HP CEO Whitman: Microsoft, Intel are ‘Outright Competitors’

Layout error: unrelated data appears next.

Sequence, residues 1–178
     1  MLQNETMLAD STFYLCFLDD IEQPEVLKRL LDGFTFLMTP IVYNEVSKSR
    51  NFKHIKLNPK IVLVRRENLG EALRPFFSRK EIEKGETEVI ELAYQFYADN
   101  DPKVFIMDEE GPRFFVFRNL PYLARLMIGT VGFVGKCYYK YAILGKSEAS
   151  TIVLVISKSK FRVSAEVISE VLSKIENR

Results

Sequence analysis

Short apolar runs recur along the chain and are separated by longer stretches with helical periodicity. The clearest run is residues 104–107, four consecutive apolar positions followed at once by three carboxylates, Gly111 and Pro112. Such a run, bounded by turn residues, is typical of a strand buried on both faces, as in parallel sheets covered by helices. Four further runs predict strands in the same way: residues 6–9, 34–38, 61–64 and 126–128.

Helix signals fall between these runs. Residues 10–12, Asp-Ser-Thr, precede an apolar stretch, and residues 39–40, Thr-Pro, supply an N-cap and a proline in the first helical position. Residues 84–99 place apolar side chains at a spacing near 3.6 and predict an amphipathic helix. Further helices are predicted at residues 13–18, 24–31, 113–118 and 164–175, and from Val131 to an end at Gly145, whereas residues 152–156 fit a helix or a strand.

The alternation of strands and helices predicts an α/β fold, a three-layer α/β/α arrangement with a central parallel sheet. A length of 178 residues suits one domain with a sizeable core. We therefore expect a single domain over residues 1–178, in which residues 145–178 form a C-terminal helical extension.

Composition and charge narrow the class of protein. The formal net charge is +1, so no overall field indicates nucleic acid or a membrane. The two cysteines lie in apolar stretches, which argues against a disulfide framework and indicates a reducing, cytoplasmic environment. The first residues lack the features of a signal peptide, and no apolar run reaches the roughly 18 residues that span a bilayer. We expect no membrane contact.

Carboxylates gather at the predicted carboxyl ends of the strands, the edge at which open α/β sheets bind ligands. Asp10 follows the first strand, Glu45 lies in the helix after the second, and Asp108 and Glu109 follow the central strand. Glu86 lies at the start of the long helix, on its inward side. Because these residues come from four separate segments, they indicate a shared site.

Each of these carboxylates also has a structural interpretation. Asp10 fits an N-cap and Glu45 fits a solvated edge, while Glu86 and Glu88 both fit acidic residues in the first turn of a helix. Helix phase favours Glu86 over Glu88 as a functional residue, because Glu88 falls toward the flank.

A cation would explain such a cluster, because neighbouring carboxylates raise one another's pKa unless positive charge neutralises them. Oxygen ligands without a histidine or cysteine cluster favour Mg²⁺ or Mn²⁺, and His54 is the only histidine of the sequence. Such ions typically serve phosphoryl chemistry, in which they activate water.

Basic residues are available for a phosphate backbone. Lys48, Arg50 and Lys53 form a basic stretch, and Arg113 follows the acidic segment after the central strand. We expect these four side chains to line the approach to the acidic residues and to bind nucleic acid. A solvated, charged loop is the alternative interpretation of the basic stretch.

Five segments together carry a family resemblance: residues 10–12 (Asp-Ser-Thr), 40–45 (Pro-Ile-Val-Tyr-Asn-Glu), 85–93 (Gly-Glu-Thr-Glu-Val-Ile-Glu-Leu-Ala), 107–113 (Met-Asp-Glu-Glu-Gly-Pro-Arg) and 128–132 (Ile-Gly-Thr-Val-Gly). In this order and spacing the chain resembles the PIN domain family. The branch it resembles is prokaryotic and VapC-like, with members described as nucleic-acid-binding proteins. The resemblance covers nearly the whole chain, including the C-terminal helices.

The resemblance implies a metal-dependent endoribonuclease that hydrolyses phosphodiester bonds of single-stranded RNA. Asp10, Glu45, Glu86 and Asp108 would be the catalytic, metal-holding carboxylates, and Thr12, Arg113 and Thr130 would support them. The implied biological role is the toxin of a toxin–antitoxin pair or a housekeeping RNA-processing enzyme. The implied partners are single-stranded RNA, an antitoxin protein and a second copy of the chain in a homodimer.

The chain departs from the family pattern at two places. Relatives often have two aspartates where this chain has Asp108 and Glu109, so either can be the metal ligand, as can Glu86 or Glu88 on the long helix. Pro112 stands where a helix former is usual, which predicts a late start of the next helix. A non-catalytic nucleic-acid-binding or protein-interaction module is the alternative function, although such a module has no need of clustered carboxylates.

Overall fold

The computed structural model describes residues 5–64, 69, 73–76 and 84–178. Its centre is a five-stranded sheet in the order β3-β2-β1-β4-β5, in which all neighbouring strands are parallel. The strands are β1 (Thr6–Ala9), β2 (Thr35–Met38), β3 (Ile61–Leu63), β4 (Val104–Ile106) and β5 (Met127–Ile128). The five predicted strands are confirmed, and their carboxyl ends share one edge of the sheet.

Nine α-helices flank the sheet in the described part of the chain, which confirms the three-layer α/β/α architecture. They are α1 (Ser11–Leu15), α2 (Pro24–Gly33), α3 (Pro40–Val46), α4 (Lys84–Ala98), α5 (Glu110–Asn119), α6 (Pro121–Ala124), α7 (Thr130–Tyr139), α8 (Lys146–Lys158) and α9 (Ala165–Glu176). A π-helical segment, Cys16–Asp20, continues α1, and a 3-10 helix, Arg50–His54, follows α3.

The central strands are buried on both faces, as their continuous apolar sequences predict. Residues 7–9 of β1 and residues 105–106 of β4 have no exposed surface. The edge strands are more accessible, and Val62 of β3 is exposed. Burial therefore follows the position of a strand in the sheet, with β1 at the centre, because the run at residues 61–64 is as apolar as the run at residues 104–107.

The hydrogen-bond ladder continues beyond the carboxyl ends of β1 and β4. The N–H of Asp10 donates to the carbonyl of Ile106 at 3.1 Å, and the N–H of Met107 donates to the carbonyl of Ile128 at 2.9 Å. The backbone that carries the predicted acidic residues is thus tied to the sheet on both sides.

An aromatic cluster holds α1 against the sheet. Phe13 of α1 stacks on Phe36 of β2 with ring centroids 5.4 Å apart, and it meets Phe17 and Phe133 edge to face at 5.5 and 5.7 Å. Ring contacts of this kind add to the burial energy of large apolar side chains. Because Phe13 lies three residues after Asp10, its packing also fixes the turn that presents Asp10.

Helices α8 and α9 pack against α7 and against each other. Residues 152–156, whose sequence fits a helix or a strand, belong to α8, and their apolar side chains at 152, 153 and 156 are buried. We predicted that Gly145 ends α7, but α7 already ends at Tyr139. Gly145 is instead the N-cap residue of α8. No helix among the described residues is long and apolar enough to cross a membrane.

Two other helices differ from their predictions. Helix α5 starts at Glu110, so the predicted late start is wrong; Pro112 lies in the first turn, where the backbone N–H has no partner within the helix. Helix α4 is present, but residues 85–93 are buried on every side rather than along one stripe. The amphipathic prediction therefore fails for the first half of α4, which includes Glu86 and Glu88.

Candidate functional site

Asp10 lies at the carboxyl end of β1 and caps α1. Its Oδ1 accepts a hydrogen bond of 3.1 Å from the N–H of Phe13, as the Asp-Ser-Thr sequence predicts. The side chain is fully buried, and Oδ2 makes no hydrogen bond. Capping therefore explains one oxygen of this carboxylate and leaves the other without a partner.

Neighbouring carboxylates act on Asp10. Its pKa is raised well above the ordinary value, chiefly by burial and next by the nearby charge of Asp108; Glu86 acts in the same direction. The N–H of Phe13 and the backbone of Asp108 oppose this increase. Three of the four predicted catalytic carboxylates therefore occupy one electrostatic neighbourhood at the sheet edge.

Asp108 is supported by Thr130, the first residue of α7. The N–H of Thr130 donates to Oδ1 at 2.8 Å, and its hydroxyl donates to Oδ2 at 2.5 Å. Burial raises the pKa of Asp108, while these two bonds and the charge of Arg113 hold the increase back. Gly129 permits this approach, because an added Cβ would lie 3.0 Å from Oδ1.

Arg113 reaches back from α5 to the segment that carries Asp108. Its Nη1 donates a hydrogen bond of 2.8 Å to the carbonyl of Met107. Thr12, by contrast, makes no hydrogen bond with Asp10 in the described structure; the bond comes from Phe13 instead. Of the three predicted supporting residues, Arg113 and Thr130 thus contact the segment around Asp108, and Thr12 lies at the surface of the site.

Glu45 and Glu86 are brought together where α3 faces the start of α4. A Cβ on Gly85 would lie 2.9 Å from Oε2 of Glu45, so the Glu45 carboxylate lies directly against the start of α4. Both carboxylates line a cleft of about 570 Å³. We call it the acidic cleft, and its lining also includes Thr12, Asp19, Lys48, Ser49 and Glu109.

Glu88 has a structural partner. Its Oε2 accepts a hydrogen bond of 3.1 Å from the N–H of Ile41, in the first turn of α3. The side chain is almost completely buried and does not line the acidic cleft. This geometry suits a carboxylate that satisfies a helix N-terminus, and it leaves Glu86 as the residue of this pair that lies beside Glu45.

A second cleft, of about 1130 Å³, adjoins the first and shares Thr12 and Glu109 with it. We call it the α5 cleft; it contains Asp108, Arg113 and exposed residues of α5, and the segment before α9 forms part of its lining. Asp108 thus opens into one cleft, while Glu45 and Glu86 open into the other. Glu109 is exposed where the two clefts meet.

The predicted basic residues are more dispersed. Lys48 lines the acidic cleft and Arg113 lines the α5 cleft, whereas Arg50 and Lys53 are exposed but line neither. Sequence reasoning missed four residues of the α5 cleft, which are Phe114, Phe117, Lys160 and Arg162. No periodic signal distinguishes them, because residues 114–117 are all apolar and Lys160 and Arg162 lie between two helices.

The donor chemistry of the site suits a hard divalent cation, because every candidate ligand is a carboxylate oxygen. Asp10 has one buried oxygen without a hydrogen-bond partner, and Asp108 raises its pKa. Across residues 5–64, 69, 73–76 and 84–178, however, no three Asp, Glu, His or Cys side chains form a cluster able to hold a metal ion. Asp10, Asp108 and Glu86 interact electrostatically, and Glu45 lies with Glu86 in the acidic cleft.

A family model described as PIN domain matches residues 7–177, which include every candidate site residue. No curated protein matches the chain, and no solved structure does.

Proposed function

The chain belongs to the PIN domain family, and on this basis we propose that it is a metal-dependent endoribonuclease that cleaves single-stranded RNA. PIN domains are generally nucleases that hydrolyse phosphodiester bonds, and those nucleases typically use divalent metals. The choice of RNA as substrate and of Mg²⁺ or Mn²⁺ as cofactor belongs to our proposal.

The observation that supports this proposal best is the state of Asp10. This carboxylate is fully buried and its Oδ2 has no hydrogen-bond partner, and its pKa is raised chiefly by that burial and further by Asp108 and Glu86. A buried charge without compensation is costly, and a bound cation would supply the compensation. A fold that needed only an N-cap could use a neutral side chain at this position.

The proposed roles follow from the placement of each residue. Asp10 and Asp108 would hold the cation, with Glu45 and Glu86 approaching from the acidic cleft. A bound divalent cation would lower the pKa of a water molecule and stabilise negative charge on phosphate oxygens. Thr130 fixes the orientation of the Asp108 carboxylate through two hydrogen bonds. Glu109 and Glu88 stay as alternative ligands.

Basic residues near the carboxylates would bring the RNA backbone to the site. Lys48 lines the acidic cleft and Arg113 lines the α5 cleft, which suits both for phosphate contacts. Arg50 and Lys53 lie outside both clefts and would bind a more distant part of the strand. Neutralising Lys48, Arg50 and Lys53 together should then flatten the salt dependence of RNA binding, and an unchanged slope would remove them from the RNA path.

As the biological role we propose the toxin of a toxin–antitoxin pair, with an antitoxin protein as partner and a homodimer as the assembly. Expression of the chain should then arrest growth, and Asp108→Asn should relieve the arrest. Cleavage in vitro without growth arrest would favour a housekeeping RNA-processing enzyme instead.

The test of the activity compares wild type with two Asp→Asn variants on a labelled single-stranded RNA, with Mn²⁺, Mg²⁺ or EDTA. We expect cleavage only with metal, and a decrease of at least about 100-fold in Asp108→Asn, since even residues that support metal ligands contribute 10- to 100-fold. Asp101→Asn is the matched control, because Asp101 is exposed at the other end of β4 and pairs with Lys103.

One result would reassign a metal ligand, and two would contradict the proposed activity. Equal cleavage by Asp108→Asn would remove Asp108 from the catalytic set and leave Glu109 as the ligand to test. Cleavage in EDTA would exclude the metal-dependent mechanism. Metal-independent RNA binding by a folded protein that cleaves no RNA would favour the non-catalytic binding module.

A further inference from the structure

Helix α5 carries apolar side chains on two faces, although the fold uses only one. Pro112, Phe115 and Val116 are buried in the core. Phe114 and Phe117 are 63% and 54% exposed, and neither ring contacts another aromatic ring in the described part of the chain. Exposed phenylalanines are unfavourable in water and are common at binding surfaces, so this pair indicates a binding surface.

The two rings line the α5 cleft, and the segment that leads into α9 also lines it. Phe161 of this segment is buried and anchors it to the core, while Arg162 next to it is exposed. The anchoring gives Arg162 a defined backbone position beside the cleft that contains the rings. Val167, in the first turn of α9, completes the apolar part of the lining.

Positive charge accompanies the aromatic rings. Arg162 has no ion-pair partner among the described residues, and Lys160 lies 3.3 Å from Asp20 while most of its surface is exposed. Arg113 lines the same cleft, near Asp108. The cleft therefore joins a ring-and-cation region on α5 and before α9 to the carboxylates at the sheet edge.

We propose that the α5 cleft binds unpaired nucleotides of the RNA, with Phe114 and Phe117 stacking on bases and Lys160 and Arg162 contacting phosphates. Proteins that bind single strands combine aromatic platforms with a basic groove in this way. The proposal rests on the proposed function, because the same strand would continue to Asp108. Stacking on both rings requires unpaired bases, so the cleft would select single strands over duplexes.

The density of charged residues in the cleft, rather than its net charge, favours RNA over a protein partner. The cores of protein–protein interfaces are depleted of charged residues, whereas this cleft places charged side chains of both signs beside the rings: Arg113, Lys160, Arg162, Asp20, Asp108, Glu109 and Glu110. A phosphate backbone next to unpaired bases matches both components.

Mobile devices have been the key forces behind a slump in PC sales over the past several quarters, forcing a large number of tech vendors—including Microsoft, Intel and HP—to look to expand into growth areas and creating new competitors out of longtime partners. However, it’s not only in the mobile space where this is happening. Cloud computing is another area of tight competition for HP and Microsoft, and Intel also plans to be a significant player in this space beyond simply supplying the silicon for the systems that power the cloud infrastructures. The HP-Intel relationship also is being strained in such areas as security and hyperscale computing, where HP is embracing low-power ARM-based systems-on-a-chip (SoCs)—as well as Intel processors—for its Project Moonshot systems. Moonshot systems are small, low-power servers designed for the kinds of massive data centers being run by the likes of Google and Facebook, where energy-efficiency and size are as valued as performance. Those ARM-based SoCs are coming from such vendors as Calxeda, Applied Micro and, eventually, long-time Intel rival Advanced Micro Devices. In addition, Intel is promoting its Next Unit of Computing (NUC) initiative to create a small, self-contained PC based on its x86 chip and which will compete with systems from HP and other OEMs. The push by most major tech vendors—such as Dell—to become enterprise IT solutions providers also is helping reshape the competitive landscape. HP-partner Cisco Systems entered the server businesses with its x86-based Unified Computing Systems in 2009; soon after, HP significantly grew its networking capabilities with its acquisition of 3Com. Similarly, cloud computing and software-defined networking (SDN) also have strained the relationships of Cisco and storage vendor EMC and its subsidiary virtualization technology maker VMware, while EMC has turned to Lenovo for help in the server arena.